Why the 2018 GMC Terrain Is a Big Deal for General Motors
GM showed off the all-new 2018 Terrain in base (left) and upscale Denali (right) versions on Sunday. Image source: General Motors.
General Motors (NYSE: GM) unveiled the all-new 2018 GMC Terrain at an event in Detroit on Sunday. The new compact SUV is the successor to one of GMC's best-sellers, and it debuts a new design language for the upscale truck brand.
A not-too-big upscale crossover SUV
The Terrain is GMC's smallest SUV, with seating for five. It's a crossover, meaning that it's built in unibody fashion (like a sedan) rather than on a separate truck-style chassis. It's a close mechanical sibling to the huge-selling Chevrolet Equinox. Like other GMC models, the new Terrain will be offered in an upscale Denali trim with a long list of premium features.
Like the Equinox, the 2018 Terrain is "all-new," which in industry jargon means it has been completely redesigned. Following the lead of other recent new products from GM (including the new Equinox), the new Terrain is 400 pounds lighter than the outgoing model, and it sports a new range of fuel-efficient turbocharged engines -- including a diesel -- paired with a new nine-speed transmission. It's also a little smaller than the outgoing model, at least on the outside.
As with other recent GM products, the new Terrain's interior received close attention and high-quality materials. Image source: General Motors.
Inside, the overall level of trim has been taken upscale, with premium materials, well-integrated technology touches, and an overall high level of fit and finish, at least in the preproduction vehicles here at the North American International Auto Show.
About those powertrains: A turbocharged 1.5-liter four-cylinder gasoline engine making 170 horsepower is standard, with a sportier 2.0-liter turbo (252 horsepower) and the new 1.6-liter four-cylinder turbo-diesel (137 horsepower, 240 foot-pounds of torque) optional. There's no V6 option: GM says that the diesel offers equivalent towing capacity to the current model's V6 (3,500 pounds).
GM didn't announce pricing for the new Terrain. My somewhat educated guess is that the starting price will be close to the current model's $24,070, but a loaded Denali will come in higher than today's model, likely well over $40,000.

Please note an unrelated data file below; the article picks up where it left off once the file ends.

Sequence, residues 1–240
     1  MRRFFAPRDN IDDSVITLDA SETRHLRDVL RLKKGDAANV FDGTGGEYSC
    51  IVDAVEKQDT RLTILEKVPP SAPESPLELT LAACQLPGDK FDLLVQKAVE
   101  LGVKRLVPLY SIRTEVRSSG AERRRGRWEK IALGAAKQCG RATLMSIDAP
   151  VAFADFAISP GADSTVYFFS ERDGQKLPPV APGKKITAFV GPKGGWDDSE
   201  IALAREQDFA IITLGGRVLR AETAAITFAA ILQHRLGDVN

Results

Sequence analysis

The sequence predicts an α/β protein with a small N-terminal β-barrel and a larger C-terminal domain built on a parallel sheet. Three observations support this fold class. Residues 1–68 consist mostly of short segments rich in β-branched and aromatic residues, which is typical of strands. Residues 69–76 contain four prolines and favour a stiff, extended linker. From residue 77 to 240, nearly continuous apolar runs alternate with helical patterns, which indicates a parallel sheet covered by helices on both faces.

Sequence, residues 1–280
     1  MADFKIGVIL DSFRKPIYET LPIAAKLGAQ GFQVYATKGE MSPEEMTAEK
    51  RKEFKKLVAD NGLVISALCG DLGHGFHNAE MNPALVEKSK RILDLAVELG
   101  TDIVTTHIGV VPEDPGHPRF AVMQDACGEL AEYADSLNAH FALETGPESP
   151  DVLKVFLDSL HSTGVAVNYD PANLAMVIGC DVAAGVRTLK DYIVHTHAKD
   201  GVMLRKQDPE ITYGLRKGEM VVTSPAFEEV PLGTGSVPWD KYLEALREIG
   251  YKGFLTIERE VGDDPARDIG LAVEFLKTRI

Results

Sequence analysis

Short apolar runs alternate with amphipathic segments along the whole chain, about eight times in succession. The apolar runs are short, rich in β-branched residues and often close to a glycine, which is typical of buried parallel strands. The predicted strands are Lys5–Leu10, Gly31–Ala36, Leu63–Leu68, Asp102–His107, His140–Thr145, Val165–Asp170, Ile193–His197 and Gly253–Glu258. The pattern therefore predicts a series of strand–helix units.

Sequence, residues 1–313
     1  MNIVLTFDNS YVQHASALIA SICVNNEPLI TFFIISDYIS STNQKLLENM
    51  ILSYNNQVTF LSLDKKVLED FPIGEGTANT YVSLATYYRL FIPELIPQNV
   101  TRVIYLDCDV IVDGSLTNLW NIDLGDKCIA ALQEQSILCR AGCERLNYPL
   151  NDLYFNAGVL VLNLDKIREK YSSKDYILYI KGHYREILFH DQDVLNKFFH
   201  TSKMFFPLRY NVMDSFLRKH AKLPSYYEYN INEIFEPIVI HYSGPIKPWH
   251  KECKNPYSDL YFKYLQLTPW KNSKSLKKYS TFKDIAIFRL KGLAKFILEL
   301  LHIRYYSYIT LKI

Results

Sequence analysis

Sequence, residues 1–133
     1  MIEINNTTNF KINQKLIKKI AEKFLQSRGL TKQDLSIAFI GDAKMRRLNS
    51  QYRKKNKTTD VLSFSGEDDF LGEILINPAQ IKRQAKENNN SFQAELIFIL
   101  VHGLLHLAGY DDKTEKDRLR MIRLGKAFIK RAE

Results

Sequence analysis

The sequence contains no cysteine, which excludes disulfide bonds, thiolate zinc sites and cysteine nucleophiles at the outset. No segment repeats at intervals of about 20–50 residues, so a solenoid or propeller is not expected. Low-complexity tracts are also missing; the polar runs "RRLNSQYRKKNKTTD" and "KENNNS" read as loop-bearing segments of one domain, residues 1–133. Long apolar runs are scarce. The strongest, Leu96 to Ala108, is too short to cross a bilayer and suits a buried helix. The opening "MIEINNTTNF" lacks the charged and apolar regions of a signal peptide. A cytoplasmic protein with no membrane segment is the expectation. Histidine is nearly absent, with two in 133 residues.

Why it's important to GM investors
The Terrain has been a huge seller for GMC, but the current model, introduced way back in 2009, was overdue for a rethink. Buyers were noticing: 2016 sales were still strong enough to account for over 16% of GMC's U.S. sales total, but they were down over 21% from 2015 levels.
The new Terrain should reverse that trend when it begins arriving at dealers this summer. Frankly, it's a big and overdue leap forward. Its upscale and up-to-date look makes a much better impression than the outgoing model, particularly in Denali trim. That may sound like marketing fluff, but it's important to investors: It will help GM sell more Terrains at higher prices, boosting margins.
The 2018 GMC Terrain Denali is likely to account for a high percentage of overall Terrain sales. Image source: GeneralMotors.
Speaking of Denali trim, GMC brand chief Duncan Aldred has recently put more emphasis on GMC's upscale (and highly profitable) sub-brand. While presenting the new Terrain in Detroit on Sunday, Aldred pointed out -- as he has on other recent occasions -- that Denali-trim models now account for 25% of GMC's sales.
GMC's Denali push is arguably an under-appreciated component of GM CEO Mary Barra's effort to significantly boost GM's overall margin over the next few years. For years, GMC was thought of by investors (if at all) as just a niche brand offering deluxe versions of Chevy's trucks. But GMC's niche has been white-hot for a few years now, and these are hugely profitable products.
With the overhauled Terrain and its larger Acadia sibling (all-new for 2017), Aldred and his team appear to have the GMC brand well-positioned for even more growth over the next few years.
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John Rosevear owns shares of General Motors. The Motley Fool recommends General Motors. The Motley Fool has a disclosure policy.